During her investigation, Cole discovered that among the items police had taken from Tiede’s house after his arrest were four books on childhood sexual abuse. She went to see Tiede, and he eventually—and reluctantly—told her that he had endured years of molestation as a boy at the hands of an uncle, information that he had never revealed to his original lawyer.
Cole asked a prominent Houston forensic psychiatrist named Richard Pesikoff to interview Tiede. Based on their conversation, Pesikoff issued a report concluding that Tiede’s “ability to repress and compartmentalize the abusive events from childhood and adolescence was ultimately overwhelmed by the repeated and extensive psychological abuse he suffered from Ms. Nugent.” On November 19, 1996, wrote Pesikoff, after Nugent had made some particularly unpleasant comments about one of Tiede’s friends, Tiede completely lost control of his “emotions and behavior” and experienced a “psychological dissociative experience” in which he felt as if he were floating outside his body when he shot her.
When Cole told Davidson about Pesikoff’s findings, the district attorney asked Edward Gripon, a psychiatrist who had testified at the first trial that Tiede knew what he was doing at the time he murdered Nugent, to conduct his own examination and take the new evidence into consideration. After meeting with Tiede, Gripon changed his mind. He said that he now believed Tiede had experienced a dissociative episode on the day of the murder.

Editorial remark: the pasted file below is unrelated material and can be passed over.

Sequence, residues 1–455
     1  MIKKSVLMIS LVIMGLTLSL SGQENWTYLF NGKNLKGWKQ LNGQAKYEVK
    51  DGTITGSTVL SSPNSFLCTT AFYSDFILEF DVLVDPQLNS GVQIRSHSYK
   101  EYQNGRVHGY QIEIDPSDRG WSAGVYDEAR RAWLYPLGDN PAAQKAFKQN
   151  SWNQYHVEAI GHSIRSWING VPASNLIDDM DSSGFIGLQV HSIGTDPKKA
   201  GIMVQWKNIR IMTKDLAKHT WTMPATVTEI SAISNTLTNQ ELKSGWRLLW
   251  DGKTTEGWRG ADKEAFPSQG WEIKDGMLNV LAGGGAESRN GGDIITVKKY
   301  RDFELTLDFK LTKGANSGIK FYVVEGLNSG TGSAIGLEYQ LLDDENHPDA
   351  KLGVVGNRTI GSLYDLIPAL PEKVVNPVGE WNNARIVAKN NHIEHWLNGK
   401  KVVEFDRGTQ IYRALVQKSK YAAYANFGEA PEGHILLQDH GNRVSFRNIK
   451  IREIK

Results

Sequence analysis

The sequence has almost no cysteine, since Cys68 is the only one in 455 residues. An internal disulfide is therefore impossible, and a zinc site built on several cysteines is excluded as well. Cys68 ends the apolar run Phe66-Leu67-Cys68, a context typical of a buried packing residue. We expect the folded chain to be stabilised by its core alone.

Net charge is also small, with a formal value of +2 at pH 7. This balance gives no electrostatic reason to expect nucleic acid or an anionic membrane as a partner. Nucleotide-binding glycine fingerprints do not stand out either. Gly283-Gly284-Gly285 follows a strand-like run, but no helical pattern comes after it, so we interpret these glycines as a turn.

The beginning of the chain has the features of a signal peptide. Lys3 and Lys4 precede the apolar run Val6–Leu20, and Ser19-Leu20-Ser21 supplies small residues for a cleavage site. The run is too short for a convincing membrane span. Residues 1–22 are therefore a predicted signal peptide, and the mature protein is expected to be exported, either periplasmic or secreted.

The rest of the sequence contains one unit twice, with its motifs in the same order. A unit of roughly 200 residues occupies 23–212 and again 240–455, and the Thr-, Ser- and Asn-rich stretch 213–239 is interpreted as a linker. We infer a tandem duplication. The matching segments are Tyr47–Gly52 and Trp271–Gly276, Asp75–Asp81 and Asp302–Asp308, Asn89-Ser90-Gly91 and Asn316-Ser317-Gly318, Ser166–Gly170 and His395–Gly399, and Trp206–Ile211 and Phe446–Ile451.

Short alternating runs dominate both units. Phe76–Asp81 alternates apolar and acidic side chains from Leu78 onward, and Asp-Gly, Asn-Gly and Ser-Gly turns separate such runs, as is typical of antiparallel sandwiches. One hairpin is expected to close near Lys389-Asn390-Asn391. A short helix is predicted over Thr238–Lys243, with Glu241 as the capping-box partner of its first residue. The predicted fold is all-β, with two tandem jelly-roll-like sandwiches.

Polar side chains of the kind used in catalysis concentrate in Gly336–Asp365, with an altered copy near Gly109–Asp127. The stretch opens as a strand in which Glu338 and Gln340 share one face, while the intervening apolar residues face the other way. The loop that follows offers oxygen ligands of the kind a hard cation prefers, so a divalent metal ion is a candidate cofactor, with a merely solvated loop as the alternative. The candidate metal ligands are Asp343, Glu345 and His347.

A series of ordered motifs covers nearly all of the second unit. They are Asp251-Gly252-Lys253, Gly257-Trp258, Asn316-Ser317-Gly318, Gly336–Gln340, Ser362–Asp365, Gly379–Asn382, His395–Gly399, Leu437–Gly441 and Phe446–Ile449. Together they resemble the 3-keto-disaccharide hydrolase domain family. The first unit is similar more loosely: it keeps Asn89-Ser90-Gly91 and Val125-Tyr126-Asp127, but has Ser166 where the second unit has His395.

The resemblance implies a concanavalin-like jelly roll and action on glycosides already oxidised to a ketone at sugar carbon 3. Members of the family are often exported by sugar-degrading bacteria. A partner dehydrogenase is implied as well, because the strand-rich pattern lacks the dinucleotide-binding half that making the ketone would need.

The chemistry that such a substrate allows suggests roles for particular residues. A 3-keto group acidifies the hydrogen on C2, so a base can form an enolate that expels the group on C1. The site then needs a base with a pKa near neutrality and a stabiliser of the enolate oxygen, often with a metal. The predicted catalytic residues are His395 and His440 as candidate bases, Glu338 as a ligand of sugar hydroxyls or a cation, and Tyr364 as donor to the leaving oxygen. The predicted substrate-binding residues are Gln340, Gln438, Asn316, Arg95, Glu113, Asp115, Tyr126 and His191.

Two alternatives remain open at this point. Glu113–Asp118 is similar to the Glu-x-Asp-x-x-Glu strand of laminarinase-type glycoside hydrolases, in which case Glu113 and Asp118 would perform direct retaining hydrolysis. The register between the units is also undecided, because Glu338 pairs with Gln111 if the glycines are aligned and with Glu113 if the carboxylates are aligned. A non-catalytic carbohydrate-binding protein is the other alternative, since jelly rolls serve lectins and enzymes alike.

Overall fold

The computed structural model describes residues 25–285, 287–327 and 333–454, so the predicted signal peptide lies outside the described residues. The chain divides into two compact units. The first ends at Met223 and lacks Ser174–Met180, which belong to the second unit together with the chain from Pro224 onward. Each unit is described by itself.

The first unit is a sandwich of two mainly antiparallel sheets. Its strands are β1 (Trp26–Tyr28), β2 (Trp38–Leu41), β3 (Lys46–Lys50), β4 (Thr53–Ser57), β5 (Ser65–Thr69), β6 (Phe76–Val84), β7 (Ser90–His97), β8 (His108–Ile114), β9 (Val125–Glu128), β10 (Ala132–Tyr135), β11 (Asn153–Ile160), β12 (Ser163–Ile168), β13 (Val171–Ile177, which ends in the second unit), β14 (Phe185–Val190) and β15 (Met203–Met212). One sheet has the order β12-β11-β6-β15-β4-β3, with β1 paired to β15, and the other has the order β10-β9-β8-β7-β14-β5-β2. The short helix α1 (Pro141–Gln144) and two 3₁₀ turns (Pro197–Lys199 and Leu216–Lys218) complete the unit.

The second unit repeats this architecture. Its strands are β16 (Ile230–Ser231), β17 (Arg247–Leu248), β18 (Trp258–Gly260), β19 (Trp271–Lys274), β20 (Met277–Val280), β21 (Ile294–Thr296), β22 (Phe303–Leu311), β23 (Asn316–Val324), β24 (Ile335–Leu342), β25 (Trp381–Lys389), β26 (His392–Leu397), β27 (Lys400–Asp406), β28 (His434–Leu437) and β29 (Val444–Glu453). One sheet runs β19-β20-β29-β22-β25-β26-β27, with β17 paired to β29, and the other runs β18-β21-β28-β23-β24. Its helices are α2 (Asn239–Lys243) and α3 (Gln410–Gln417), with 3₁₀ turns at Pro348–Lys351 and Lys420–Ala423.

Cole promptly filed a motion for a new sentencing hearing with the state district court where Tiede had been tried, arguing that if the jurors had heard the evidence about Tiede’s sexual abuse and the extent of Nugent’s “encroachment,” they perhaps would have determined that he had not committed a premeditated murder, which likely would have led to a lesser sentence than life in prison. In a stunning about-face, Davidson then filed an affidavit claiming that if he had known about Tiede’s sexual abuse, he would have prosecuted him under the “sudden passion” provision of the state’s penal code, which would have resulted in no more than a twenty-year sentence. “I now feel that a life sentence is an inappropriate sentence for Mr. Tiede,” he wrote.
In May 2014 the judge promptly set aside Tiede’s original life sentence and allowed him to go free on bond until the Texas Court of Criminal Appeals decided whether a new sentencing trial should be convened. After sixteen years and nine months in custody, Tiede walked out of the courthouse and moved into a garage apartment behind Linklater’s house in Austin.
Members of the Nugent family were furious, claiming that Davidson had changed his mind because he had been wooed by such celebrities as Black, McConaughey, and Linklater. Davidson replied that the movie had nothing to do with his decision to file his affidavit. “My job is to follow the evidence, no matter where it leads,” he told me at the time.